Increasing numbers of anglers are walking on water in the Coulee Region to take advantage of the early ice that is said to offer up some of the best catches of the season.
Safety conditions vary depending on where the anglers are — lake vs. river, swift current vs. calm backwater, shore vs. middle — but it wouldn’t hurt to have a few more days’ patience to avoid swimming with the fishes in some areas.
Jesse Griep and Brody Rundhaugen of Coon Valley were rewarded Monday with fair numbers of crappie and sunfish for their temerity in walking on half-inch ice that occasionally broke through to firmer ice a couple of inches below on Swift Creek on La Crosse’s South Side. That scenario resulted from the fact that some ice had formed last week, then the warm weekend’s mix of rain and snow added a layer of water on top.
Thus, Griep and Rundhaugen had to slog through slush to get to the spots where they drilled holes in ice 2 to 3 inches thick. Griep was fishing in 28 feet of water, and Rundhaugen 22 feet.
It wasn’t even their first venture of the season, they said, having tempted fate in the same spot on Nov. 26. Swift Creek is a gut off the Mississippi River with a current — it’s called swift for a reason — that could propel a person into the main channel faster than a bass inhales a spinner bait.
Even though a bit of open water was just a weak stone’s throw away, Griep wasn’t worried, other than to say some areas were “sketchy,” and noting that the only time he has broken through while ice fishing was just one leg.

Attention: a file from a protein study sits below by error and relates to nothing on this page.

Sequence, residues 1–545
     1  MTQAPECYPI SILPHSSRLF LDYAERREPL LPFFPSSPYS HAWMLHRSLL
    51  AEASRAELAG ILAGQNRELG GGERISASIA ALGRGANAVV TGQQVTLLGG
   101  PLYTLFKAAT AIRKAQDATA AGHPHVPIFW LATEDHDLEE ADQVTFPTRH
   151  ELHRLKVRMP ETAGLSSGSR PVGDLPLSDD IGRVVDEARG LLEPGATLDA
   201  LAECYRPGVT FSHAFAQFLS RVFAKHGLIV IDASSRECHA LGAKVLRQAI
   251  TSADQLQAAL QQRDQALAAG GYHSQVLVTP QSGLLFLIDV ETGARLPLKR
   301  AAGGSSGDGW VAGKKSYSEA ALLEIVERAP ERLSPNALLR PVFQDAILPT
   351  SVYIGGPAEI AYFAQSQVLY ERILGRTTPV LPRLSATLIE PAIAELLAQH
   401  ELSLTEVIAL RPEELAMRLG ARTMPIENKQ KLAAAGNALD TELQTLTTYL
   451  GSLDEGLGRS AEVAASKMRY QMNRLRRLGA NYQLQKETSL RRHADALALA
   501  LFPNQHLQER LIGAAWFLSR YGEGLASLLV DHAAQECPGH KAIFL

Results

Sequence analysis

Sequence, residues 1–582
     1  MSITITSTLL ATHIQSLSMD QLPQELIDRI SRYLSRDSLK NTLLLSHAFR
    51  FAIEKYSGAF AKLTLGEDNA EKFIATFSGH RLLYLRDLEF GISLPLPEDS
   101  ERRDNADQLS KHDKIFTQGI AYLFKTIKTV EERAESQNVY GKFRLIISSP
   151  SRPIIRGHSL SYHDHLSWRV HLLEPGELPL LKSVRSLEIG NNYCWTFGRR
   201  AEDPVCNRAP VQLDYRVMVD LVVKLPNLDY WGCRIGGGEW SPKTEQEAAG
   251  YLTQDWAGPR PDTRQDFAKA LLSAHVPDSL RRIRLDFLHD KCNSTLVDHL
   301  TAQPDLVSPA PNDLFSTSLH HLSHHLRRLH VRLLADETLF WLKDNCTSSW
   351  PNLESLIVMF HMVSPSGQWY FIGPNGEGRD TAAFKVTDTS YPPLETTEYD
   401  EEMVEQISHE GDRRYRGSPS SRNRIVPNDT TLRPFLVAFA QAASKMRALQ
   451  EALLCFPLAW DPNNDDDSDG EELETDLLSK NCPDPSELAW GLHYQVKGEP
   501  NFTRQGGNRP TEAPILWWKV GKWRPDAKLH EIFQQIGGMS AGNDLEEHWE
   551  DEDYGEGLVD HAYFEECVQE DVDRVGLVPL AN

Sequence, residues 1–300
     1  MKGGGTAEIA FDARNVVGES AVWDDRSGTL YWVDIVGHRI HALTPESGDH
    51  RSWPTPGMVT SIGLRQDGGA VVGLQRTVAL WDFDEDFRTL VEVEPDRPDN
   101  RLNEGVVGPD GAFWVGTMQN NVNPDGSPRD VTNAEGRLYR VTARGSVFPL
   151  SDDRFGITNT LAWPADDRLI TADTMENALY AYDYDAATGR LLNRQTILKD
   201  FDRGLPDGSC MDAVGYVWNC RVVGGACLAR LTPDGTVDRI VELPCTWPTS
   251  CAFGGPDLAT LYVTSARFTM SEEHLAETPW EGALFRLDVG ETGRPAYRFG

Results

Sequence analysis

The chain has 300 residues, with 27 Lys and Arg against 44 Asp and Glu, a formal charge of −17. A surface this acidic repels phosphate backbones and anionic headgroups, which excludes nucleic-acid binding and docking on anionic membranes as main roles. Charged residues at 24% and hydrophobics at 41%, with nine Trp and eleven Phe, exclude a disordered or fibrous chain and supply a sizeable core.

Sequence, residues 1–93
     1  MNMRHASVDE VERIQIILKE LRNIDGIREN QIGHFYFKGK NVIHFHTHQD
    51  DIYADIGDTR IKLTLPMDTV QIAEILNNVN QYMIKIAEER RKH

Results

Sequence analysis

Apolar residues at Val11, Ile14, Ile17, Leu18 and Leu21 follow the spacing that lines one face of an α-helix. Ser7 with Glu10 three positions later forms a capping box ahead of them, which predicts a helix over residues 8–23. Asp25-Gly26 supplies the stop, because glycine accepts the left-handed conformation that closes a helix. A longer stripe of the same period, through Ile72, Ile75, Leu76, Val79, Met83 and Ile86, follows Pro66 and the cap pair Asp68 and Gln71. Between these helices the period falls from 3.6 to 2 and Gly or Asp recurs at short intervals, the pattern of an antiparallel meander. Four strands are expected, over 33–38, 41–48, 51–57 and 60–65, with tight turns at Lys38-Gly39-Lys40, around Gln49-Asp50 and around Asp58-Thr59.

After another night of freezing temperatures, the number of anglers on Swift Creek had swelled to 10 on Tuesday.
Meanwhile, 6 miles north as the eagle flies, only two anglers were trying the thin ice in the middle of Lake Onalaska around 9 a.m. Tuesday. A village of trucks, cars and fishing shacks will sprout there in three or four weeks — Lord willing and the sun don’t shine too hot.
But fishing action closer to shore is good on 2 to 5 inches of ice, said Mark Viner, owner of Emma’s Bait Shop at N5610 County Road OT. The bait du jour is waxworms, although a few anglers have been using shiners, Viner said.
In addition to panfish, anglers have caught some decent bass and a few northerns, he said, noting that conditions for tip-up rigs aren’t quite right yet.
Fishing conditions are better on lake chains to the north and in Trempealeau County, Viner said.
Twelve miles east-northeast of Onalaska, on Lake Neshonoc near West Salem, anglers “are starting to wander out,” said Tonya Whitewater at Neshonoc Sports. Some caught a few walleyes below the dam last week, but not much since then she said.
Another cold snap should unleash a torrent of anglers, speculated Whitewater, who said the shop is gearing up for the season.
Even though a few anglers are testing their luck on dicey ice, they would do well to remember that the season began much later last season, when warm temperatures left ice perilous well past mid-December.
Clear, solid ice at least 2 inches thick usually is enough to support one person on foot, according recommendations from the Wisconsin Department of Natural Resources. The DNR advises waiting until the ice is at least 3 inches thick and making sure to go with a friend in case of a breakthrough.
The DNR also has several safety tips to avoid falling in, as well as what to do if you do take the plunge. As counterintuitive as this may sound, one tip is not to remove winter clothing because heavy clothes — especially snowmobile suits — can trap air, providing warmth and flotation.
The DNR website also offers illustrated plans to make ice claws to grip the surface and help pull yourself out of the drink.